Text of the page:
18 years before World of Warcraft, 19 years before Second Life, 13 years before EverQuest, heck even a year before making a name for themselves with Maniac Mansion, LucasArts (then Lucasfilm Games) opened a beta for a game called Habitat, which ran from 1986 to 1988. Highly unusual for its time, Habitat allowed Commodore 64 users to chat with strangers, explore new worlds, dress like total idiots and act like a-holes decades before that became the norm. Thanks to a restoration initiative from The Museum of Art and Digital Entertainment (MADE), you will soon be able to play the ancestor to many video games being released today. If you're skeptical, the MADE has declared Habitat to be an open source project, dumping a whack of Habitat's files on Github.
Habitat did not have any goals or missions structures, simply areas and various cosmetics for players to mess with. Features like robbing, even killing other users were added in gradually, but a large part of the pitch was that the game would be defined by the users' shenanigans. This sounds a lot like a Second Life for the '80s, and before you go snarking "yeah but with a lot less cyber-porking," this promo video from 1986 suggests their head might've already been in the gutter because let's face it every generation assumes theirs is the horniest.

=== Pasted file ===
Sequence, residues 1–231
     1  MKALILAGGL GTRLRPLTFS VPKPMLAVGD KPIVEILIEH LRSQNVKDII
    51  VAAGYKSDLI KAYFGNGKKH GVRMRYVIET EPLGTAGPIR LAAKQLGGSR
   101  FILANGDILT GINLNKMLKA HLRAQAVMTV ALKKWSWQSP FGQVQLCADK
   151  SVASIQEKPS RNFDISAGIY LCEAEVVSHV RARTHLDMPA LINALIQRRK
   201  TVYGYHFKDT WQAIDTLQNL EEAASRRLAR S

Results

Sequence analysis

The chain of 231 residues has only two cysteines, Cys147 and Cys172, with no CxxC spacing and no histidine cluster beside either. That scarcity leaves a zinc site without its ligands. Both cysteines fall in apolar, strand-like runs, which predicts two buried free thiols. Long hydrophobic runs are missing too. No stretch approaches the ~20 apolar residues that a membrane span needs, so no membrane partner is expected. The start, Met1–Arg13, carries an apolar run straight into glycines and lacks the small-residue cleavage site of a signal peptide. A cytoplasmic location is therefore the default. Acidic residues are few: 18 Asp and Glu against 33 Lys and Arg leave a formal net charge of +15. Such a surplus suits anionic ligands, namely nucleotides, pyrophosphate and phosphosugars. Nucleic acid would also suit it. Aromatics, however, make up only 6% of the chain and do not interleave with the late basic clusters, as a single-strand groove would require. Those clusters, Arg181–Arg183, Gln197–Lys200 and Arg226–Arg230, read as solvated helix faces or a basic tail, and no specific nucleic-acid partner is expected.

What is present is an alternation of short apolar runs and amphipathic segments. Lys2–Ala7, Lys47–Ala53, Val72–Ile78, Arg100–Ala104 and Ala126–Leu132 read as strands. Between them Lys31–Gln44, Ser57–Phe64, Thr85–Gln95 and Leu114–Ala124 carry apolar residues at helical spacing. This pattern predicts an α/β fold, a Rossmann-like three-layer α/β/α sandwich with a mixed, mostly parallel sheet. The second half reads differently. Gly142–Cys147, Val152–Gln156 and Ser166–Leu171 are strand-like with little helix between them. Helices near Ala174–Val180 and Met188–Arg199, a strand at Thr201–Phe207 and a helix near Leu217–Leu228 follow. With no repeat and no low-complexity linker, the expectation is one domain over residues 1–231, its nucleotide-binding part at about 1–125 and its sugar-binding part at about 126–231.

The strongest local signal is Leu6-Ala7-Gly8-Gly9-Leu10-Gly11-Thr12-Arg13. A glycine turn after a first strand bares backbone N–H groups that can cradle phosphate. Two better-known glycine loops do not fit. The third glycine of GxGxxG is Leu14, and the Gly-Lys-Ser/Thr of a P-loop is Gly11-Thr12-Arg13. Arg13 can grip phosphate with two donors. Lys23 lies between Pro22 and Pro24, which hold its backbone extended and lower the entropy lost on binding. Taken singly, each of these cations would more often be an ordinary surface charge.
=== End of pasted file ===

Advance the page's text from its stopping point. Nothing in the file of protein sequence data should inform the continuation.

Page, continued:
Despite being a predecessor to incredibly influential games,
was not a huge success itself. Using Q-Link, a service for Commodore 64 that would later become AOL,
could not maintain more than 10,000 users at a time. Q-Link also only ran on evenings and weekdays, meaning you could either play the game or do things with, I don't know, friends.
When Habitat did leave its beta, it was rebranded as Club Caribe which actually removed a lot of the high-genre sci-fi aesthetics like monsters and robots. LucasArts licensed the technology to Fujitsu in 1989, who released their version called Fujitsu Habitat in 1990, and then another version in 1995 called Worlds Away, and subsequently lost millions between the projects.
The MADE's mission to bring back Habitat began In late 2013, in preparation for a LucasArts retrospective at 2014's Game Developers Conference. They got in contact with Habitat's amazingly named creators, Chip Morningstar and Randy Farmer. They got the blessings from Fujitsu. They even dug up a 300-pound Nimbus server from 1989 for the most authentic '80s online experience. It seems one of the only lingering threads left is a go-ahead from AOL, being the predecessors of Q-Link. The MADE seems confident that the Habitat relaunch is imminent in any regard
"A lot of the things that we see in modern MMORPGs originated in Habitat," founder of the MADE Alex Handy told Gamasutra. "It's extremely valuable for us to preserve the history of those things and this is doing that."